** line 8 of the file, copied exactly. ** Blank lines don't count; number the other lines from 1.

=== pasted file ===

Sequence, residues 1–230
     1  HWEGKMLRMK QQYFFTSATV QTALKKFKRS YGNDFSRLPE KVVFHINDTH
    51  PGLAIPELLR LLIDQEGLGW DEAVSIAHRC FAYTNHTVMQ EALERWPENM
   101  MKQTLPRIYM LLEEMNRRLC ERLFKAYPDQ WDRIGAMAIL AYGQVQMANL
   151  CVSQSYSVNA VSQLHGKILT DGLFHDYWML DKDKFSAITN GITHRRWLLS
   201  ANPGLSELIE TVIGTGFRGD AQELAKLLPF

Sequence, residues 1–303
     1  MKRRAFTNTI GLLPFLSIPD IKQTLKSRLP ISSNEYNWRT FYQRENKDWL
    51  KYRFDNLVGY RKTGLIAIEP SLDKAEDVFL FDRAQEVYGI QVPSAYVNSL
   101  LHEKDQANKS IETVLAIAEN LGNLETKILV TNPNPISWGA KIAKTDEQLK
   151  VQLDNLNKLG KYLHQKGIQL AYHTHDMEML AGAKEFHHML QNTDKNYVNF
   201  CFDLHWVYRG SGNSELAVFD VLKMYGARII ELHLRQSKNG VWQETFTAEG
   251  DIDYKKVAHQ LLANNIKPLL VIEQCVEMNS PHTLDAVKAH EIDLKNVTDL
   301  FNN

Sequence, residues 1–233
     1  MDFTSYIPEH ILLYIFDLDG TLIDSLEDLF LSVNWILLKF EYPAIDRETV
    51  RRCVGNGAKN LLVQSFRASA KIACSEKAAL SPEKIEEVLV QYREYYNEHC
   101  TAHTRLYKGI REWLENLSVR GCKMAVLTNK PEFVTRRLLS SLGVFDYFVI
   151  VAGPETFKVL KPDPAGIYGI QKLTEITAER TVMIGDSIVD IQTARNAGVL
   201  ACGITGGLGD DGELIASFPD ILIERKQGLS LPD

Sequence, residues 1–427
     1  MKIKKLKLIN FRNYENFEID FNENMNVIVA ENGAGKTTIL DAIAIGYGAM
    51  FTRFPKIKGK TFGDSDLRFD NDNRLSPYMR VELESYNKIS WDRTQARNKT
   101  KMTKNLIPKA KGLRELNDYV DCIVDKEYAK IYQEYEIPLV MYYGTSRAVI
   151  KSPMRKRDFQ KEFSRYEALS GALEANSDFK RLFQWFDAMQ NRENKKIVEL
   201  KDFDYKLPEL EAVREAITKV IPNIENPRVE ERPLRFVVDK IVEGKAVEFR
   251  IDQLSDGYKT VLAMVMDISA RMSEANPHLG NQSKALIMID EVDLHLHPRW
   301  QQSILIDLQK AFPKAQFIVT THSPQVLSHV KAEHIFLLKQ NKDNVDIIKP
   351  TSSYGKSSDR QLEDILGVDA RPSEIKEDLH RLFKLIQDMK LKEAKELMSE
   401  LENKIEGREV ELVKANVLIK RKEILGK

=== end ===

     1  MKRRAFTNTI GLLPFLSIPD IKQTLKSRLP ISSNEYNWRT FYQRENKDWL